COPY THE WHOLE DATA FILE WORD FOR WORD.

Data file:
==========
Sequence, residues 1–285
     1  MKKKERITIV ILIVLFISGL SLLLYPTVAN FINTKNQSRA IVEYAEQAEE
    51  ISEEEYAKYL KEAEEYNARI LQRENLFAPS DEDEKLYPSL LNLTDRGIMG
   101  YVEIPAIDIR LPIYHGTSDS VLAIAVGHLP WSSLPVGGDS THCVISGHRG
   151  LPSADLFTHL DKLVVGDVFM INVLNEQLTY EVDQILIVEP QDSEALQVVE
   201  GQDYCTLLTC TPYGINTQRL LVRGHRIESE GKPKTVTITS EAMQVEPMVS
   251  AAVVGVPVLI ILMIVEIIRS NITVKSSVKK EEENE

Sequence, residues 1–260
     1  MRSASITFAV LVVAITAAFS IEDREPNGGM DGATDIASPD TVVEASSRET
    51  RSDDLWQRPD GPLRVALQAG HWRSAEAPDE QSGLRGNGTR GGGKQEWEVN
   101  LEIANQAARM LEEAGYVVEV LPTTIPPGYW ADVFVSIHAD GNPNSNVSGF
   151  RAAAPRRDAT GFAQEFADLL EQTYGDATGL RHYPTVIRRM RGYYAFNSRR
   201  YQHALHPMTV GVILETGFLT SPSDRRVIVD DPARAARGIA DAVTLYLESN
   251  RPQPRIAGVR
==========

Sequence, residues 1–285
     1  MKKKERITIV ILIVLFISGL SLLLYPTVAN FINTKNQSRA IVEYAEQAEE
    51  ISEEEYAKYL KEAEEYNARI LQRENLFAPS DEDEKLYPSL LNLTDRGIMG
   101  YVEIPAIDIR LPIYHGTSDS VLAIAVGHLP WSSLPVGGDS THCVISGHRG
   151  LPSADLFTHL DKLVVGDVFM INVLNEQLTY EVDQILIVEP QDSEALQVVE
   201  GQDYCTLLTC TPYGINTQRL LVRGHRIESE GKPKTVTITS EAMQVEPMVS
   251  AAVVGVPVLI ILMIVEIIRS NITVKSSVKK EEENE

Sequence, residues 1–260
     1  MRSASITFAV LVVAITAAFS IEDREPNGGM DGATDIASPD TVVEASSRET
    51  RSDDLWQRPD GPLRVALQAG HWRSAEAPDE QSGLRGNGTR GGGKQEWEVN
   101  LEIANQAARM LEEAGYVVEV LPTTIPPGYW ADVFVSIHAD GNPNSNVSGF
   151  RAAAPRRDAT GFAQEFADLL EQTYGDATGL RHYPTVIRRM RGYYAFNSRR
   201  YQHALHPMTV GVILETGFLT SPSDRRVIVD DPARAARGIA DAVTLYLESN
   251  RPQPRIAGVR